DP17567 Immigration and Development: German-Speaking Agricultural Settlers in the Kingdom of Hungary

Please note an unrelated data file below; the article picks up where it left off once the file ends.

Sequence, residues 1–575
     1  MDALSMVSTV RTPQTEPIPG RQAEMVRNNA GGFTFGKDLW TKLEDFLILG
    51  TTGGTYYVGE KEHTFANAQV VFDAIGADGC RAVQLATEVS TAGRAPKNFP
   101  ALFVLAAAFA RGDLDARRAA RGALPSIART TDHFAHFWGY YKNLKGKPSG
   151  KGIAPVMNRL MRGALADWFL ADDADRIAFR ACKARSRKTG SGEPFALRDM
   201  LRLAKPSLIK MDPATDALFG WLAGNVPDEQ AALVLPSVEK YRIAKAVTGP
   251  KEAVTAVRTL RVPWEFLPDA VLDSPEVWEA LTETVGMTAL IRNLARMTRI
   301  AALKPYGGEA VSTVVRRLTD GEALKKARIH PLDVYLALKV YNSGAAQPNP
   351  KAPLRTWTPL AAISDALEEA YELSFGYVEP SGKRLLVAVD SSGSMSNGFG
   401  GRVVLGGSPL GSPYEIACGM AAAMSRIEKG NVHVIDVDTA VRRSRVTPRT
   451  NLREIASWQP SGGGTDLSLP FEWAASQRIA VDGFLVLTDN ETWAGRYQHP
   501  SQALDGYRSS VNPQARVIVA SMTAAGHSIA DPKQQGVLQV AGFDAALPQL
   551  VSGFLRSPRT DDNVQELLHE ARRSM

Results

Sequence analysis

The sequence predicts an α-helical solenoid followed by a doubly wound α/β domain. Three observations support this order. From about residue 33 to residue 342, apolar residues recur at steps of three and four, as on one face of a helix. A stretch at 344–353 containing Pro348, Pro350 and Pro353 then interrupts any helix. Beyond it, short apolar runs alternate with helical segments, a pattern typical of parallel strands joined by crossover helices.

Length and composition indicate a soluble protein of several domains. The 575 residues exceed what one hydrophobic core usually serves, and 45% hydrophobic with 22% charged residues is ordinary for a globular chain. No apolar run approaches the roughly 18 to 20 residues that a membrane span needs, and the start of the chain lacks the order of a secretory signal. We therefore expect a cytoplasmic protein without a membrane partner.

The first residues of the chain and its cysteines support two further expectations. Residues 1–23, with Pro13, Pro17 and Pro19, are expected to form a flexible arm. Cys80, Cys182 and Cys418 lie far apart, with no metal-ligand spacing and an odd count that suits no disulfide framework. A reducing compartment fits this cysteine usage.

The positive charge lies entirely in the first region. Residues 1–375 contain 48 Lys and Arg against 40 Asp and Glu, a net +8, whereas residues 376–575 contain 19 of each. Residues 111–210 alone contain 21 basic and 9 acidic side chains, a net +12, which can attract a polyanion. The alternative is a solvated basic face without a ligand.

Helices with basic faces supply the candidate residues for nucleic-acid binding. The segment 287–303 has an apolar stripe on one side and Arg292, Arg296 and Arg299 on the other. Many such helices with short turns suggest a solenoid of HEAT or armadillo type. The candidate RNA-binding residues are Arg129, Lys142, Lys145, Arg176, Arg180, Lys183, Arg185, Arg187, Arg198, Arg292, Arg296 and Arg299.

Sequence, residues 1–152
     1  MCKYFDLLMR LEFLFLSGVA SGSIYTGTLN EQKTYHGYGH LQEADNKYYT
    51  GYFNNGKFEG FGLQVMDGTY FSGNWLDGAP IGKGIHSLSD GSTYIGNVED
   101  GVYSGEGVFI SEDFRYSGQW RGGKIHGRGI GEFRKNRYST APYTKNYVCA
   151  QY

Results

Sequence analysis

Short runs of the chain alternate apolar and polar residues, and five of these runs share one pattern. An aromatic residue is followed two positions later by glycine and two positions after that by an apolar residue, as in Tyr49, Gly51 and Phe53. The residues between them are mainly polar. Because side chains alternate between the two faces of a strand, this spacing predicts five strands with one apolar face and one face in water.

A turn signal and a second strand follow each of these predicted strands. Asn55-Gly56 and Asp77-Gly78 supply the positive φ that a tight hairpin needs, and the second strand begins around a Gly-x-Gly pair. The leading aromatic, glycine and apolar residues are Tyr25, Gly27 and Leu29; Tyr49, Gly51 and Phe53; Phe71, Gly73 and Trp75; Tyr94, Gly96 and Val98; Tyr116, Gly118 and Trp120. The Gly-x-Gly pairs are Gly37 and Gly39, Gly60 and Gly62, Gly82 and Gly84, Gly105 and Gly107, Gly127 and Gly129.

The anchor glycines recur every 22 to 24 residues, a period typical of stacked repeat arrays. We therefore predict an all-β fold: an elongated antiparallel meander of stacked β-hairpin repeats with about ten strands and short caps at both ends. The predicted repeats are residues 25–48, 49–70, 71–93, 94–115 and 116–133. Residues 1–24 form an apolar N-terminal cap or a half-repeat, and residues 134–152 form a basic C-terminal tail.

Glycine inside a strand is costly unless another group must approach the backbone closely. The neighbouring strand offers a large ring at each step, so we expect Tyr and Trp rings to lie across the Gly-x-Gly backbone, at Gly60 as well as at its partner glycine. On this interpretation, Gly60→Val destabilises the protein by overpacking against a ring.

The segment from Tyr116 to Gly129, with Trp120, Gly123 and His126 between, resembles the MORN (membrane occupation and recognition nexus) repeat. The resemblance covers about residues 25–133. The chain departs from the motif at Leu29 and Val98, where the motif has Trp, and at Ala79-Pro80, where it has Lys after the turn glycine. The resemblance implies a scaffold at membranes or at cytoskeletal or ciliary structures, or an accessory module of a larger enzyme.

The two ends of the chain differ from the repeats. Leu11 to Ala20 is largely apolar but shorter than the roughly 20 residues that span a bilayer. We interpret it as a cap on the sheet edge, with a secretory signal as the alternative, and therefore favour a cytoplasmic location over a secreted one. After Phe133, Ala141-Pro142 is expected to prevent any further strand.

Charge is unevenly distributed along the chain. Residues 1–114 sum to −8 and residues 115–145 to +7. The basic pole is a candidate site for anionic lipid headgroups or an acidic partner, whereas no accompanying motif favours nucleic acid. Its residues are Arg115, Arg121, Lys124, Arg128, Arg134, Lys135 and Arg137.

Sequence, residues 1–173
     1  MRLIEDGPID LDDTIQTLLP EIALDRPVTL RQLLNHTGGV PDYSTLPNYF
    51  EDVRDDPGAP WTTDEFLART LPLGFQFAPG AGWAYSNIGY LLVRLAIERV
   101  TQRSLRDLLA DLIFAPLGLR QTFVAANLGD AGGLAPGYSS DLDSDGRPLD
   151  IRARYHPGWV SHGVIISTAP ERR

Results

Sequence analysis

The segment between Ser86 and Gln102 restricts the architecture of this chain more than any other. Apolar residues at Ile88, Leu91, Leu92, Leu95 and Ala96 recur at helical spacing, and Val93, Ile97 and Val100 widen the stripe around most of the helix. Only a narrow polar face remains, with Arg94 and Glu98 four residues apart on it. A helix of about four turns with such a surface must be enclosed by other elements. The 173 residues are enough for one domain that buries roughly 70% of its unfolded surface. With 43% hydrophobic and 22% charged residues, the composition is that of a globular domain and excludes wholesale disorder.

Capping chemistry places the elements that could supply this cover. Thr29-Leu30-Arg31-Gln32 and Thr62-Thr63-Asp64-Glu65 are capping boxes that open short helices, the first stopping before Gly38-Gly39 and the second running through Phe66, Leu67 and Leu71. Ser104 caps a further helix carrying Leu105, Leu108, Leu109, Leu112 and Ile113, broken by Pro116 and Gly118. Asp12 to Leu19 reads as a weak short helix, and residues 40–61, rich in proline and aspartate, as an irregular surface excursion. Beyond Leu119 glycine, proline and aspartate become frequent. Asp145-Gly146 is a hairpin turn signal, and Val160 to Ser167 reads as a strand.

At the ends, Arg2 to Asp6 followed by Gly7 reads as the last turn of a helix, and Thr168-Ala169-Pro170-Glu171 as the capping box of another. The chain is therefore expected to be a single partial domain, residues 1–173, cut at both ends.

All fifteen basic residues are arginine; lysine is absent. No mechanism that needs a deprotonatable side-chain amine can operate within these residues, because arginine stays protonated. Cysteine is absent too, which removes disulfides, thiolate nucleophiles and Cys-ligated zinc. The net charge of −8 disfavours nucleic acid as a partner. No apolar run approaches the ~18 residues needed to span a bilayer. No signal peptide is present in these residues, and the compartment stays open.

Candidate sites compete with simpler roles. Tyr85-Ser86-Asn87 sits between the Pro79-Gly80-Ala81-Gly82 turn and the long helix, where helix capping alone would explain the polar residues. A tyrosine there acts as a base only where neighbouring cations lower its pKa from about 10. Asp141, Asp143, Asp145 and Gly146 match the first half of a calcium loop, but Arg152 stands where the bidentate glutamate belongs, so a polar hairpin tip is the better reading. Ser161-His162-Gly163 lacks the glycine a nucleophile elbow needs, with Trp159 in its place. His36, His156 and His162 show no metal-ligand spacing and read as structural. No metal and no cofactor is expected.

Historical German migration to Central Europe made a persistent impact on local economic development. After prolonged warfare between the Habsburg and Ottoman Empires, German speaking agricultural settlers helped repopulate newly conquered parts of Hungary during the 18th century. Exploiting spatial variation across more than 5,000 towns and villages in areas affected by German immigration, and instrumenting immigrants’ settlement locations with exogenously determined migration routes, we find that geographical proximity to 18th-century German settlements increased farm productivity until the early 20th century. This effect is persistent over time and robust to controlling for initial conditions, geography, religion, and other potential confounding factors. Consistent with historical accounts, we show empirically that areas of German settlement had higher land productivity because of stronger specialization in crop farming and viniculture and more intensive farming. Even a century after immigration, we find limited diffusion of agricultural knowledge from German settlement areas.